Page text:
The reality was that the companies who invested heavily in EDI were not about to throw away that investment and start all over again because of XML. Instead, new options including XML emerged from the Internet and made it possible for companies to achieve 100% adoption of E-commerce with their trading partners. Files could be transported via the Internet and web forms were an economic alternative for small companies to use.
Two significant developments in the late 1990’s were the realization that integrating EDI into business applications was a necessity, and the development of HIPAA EDI standards.
Large customers in the retail industry started imposing fines on their suppliers who made re-keying or other errors in their EDI data. This started to affect the profit margins of suppliers and one way to reduce errors was to integrate EDI with their accounting / ERP system.
The Health Insurance Portability and Accountability Act (HIPAA) of 1996 resulted in a set of EDI transactions being developed for the healthcare industry. This made a significant impact on the adoption of EDI in healthcare which is a large industry.
Early 2000’s – EDI thrives once again
EDI survived the dot.com crash and was not going away any time soon. The Internet helped take EDI to a new level much like the PC did in the 1980’s. Initiatives such as web EDI, EDI-INT and integrating EDI made significant gains. The developers of the most popular accounting / ERP applications also recognized the importance of allowing EDI and other data formats to be integrated with their products.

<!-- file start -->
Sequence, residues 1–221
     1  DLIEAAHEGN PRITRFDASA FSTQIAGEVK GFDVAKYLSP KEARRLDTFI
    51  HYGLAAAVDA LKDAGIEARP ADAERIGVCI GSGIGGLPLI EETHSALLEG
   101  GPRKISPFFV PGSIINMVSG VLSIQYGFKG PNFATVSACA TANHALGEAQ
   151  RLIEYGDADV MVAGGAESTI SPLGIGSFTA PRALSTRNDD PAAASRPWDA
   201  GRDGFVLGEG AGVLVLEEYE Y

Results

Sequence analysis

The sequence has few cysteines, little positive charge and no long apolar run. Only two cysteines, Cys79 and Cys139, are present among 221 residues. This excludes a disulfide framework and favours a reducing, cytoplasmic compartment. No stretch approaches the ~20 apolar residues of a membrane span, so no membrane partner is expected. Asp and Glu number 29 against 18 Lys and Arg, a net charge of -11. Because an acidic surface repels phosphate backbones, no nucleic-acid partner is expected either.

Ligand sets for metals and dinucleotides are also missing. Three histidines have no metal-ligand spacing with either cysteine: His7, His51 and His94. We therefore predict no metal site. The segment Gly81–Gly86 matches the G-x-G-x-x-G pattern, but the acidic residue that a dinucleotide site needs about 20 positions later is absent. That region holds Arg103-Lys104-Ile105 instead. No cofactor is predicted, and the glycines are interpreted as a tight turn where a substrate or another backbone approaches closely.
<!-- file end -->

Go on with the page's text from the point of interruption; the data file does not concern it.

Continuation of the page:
A new service that surfaced during this time was EDI outsourcing. Some companies became increasingly frustrated with EDI because they were always playing catch-up to new developments and demands from their trading partners and the costs were escalating.
As a result, EDI outsourcing, service bureaus and web EDI grew in popularity as companies would rather pay someone else to deal with the EDI headaches.
Today – Still more to come
The EC/EDI technology developments of the past two decades have made it possible to conduct business in ways that couldn’t have been imagined prior to the 1980’s. The Internet had the greatest impact and made it possible for any sized company to do business anywhere in the world. With all the technology options available, there is no reason why any company large or small, can’t use EC/EDI technology in their business. In fact, it’s mandatory if a business is going to survive.
Lee Mrkonjic is the Principal of Vantage Point & Associates, Inc. Lee can be reached at firstname.lastname@example.org.
Vantage Point publishes the EC-EDI Vendor Directory. More information on the online and hardcopy versions of this publications is available at http://www.ec-edi.biz/content/en/dir-intro.asp